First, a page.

Saturday, January 28, 2006

The Illusion of Wealth


I would find it hard to even justify the support of big-time sports in college, let alone paying the students competing in them.

From The Game of Life, a review encompassing top-tier public and private school’s athletics:

  • Athletes have lower SAT scores and attain lower grades, and their involvement in sport does not justify their lower performance.  Students with extracurricular activities attain higher grades while spending more time on those activities.
  • Most sports teams actually lose money, and although some schools earn money, many of those only seem to do so because the colleges and universities provide direct and indirect monetary support, either as funding for support activities, or by providing services directly.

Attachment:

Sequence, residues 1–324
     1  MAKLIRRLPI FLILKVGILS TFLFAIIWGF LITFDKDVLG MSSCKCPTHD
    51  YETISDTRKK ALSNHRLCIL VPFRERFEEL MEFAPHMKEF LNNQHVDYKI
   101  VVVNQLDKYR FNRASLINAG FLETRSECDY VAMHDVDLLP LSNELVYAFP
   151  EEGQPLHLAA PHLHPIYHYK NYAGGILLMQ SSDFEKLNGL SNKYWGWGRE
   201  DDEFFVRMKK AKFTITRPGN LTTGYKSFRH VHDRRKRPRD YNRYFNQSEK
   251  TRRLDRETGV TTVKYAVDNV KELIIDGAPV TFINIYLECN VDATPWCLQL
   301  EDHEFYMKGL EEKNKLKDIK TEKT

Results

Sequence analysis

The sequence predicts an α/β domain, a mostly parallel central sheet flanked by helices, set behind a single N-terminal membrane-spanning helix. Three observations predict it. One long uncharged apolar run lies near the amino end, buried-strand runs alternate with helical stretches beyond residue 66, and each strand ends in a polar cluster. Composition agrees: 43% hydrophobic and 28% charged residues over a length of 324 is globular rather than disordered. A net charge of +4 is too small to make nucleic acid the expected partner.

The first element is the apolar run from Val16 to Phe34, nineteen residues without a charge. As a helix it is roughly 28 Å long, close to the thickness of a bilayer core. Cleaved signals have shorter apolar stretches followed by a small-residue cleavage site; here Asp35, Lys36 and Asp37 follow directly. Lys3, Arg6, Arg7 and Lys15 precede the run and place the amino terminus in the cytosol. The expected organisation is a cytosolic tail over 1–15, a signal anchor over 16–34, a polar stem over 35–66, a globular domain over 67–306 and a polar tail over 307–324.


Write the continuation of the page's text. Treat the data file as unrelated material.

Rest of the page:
• Athletes give very little as alumni.  A review of top donors would find high academic performers, those with incomes over $150,000, and those admitted as children of alumni, as the strongest contributors.
  • Additionally, removing support for athletics would not negatively effect minority enrollment.

Personally, I feel anger when I see that my alma mater, Rutgers University, expends so much energy on football and its ilk.  The school’s money would be so much more effectively spent on academic activities, and I assume Rutgers’ slide in college rankings indicates the decreasing emphasis on the intellectual life that should be its primary focus.


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